Oracle announced on Thursday that Ellison had been elected executive chairman of the board and was also appointed chief technology officer. Taking over as CEO will be Safra Catz (above, left) and Mark Hurd (center). Catz will also continue in her role as chief financial officer, which she took on in 2011. Hurd, who has served as president, joined Oracle in 2010.
As CEO, Catz will continue to oversee Oracle’s manufacturing, finance and legal functions. The company’s , service and vertical industry global business units will report to Hurd.
“The three of us have been working well together for the last several years, and we plan to continue working together for the foreseeable future,” Ellison said Thursday. “Keeping this management team in place has always been a top priority of mine.”
‘Acknowledges the Current Situation’
We reached out to IDC analyst Mike Fauscette to ask what Thursday’s announcement means for Oracle.
“It just acknowledges the current situation,” Fauscette said. “I just don’t think it changes much at all from a strategic standpoint.”
Ellison, who turned 70 this year, has always made it clear he was most interested in focusing on products and technology and that will remain his focus with the title of CTO, Fauscette said.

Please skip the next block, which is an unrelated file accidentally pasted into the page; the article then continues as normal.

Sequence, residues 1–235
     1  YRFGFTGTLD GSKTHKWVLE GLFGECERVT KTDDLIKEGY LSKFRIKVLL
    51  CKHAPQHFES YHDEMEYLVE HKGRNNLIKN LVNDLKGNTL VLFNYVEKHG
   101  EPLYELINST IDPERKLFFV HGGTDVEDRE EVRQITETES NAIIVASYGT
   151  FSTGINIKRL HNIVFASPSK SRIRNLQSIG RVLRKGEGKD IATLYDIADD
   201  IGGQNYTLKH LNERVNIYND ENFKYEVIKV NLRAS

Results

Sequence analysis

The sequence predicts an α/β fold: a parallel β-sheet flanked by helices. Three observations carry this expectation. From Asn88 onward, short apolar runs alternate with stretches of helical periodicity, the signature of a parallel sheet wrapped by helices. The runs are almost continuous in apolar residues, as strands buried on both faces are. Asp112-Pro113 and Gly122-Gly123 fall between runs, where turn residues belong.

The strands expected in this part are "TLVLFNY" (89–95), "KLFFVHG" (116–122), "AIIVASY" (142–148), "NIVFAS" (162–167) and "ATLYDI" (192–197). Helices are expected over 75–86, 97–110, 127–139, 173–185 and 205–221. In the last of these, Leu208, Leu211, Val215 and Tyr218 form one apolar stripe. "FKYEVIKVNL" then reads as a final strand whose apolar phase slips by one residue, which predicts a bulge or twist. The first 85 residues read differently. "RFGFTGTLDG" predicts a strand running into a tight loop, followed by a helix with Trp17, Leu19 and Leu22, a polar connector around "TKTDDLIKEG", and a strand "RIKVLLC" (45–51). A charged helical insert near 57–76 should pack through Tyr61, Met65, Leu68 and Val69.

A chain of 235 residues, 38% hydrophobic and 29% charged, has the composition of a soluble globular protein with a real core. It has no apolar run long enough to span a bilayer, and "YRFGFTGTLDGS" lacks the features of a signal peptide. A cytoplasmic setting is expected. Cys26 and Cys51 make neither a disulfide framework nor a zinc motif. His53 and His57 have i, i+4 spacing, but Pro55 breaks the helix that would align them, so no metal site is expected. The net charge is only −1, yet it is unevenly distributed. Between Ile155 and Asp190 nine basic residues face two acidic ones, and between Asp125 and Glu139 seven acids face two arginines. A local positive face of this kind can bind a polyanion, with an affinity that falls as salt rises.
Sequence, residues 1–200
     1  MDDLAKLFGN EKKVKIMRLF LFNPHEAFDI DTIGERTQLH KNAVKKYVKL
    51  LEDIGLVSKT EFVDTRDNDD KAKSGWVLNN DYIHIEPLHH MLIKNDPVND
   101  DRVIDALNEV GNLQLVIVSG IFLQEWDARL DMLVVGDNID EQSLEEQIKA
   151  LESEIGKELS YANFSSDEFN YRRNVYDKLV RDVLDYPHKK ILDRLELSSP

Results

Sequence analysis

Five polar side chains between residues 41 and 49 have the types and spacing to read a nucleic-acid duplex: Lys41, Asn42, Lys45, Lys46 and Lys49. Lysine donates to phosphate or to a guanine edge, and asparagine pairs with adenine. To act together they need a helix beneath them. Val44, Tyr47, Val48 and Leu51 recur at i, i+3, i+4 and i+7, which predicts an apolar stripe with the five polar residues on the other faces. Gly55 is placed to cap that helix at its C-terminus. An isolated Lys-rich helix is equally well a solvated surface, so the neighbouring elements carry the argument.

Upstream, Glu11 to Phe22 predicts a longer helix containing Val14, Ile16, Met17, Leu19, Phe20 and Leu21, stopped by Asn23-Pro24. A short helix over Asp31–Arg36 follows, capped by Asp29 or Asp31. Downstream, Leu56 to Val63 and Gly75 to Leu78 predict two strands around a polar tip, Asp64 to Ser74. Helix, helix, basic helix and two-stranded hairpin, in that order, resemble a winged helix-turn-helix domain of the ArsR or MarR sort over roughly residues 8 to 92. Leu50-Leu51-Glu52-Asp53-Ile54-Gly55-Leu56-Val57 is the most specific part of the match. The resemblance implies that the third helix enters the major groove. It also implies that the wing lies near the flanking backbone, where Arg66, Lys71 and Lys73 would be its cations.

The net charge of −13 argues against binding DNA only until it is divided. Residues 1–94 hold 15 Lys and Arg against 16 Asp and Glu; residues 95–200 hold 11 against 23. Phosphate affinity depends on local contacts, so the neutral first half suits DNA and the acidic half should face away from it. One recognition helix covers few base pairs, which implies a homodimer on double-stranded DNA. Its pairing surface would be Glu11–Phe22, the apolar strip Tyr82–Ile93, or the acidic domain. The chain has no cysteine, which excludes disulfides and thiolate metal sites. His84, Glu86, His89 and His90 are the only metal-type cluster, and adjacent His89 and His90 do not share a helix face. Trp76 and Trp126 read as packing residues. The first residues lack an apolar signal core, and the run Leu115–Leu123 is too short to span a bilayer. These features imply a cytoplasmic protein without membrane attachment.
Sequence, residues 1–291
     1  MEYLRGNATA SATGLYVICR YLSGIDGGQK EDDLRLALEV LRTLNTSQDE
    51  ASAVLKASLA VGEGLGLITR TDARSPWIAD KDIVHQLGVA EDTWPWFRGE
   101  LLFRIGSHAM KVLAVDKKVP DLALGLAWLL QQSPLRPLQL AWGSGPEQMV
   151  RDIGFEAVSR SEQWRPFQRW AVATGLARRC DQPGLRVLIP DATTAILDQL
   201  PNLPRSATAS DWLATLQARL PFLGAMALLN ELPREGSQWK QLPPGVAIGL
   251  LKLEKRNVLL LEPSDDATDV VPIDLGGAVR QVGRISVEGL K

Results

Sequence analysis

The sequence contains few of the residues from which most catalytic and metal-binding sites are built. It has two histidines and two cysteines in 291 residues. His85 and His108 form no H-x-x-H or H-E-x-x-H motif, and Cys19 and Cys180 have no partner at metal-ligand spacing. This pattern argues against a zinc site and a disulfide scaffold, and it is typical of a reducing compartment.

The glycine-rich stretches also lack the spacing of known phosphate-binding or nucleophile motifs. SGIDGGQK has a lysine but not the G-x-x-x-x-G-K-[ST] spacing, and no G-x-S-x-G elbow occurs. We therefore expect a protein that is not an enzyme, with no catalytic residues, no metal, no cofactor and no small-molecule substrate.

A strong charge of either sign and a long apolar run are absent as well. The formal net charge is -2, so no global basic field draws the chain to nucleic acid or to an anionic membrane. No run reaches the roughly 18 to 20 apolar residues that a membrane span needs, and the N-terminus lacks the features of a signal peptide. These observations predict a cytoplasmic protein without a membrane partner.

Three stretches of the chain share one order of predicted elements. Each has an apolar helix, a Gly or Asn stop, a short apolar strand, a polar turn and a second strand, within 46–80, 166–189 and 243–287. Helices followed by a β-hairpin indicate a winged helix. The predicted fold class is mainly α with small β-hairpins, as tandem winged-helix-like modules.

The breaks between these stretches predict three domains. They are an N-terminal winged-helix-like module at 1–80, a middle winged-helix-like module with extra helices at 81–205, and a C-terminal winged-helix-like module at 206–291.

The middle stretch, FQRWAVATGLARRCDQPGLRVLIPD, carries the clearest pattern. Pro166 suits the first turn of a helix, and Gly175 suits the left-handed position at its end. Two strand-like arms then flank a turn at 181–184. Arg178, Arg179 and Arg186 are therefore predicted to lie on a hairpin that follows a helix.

Beyond “a nice change in title for two people,” naming Catz and Hurd to the CEO position doesn’t change either of those executives’ responsibilities much either, Fauscette said.
‘The Difference Between God and Larry Ellison’
Ellison founded the company that was to become Oracle with two investment partners in 1977. The company took on its current name in 1982 with the launch of its Oracle database.
Since then, Oracle has grown to a global firm with 400,000-plus customers and more than $37 billion in annual revenues. Ellison, meanwhile, went on to accrue a personal wealth of nearly $50 billion, making him the fifth richest person in the world, according to Forbes.
The yacht-racing, plane-flying Ellison has also been one of the more colorful executives in the technology world, as Mike Wilson, now managing editor of the site FiveThirtyEight, described in his 2003 book, “The Difference Between God and Larry Ellison: *God Doesn’t Think He’s Larry Ellison.”
“I think Larry’s decision is not as important as it looks,” Wilson told us. “Larry has never primarily been interested in the day-to-day role of a CEO. He has served for years as visionary in chief while others ran the company for him. Now’s he’s giving the executive title to others, but any Oracle leader who tries to take the company in a direction Larry doesn’t want to go will quickly be corrected. Larry is Oracle and Oracle is Larry.”
Asked to recount Ellison’s most momentous decision as CEO, Wilson said, “The most important decision Larry ever made as CEO was hiring Ray Lane and Jeff Henley to run the company in the early ’90s. Oracle was in a crisis because Larry hadn’t managed it well, and he saved it by giving control of it to more seasoned leaders. It was one of the bravest things he ever did, because he had to put his ego aside.”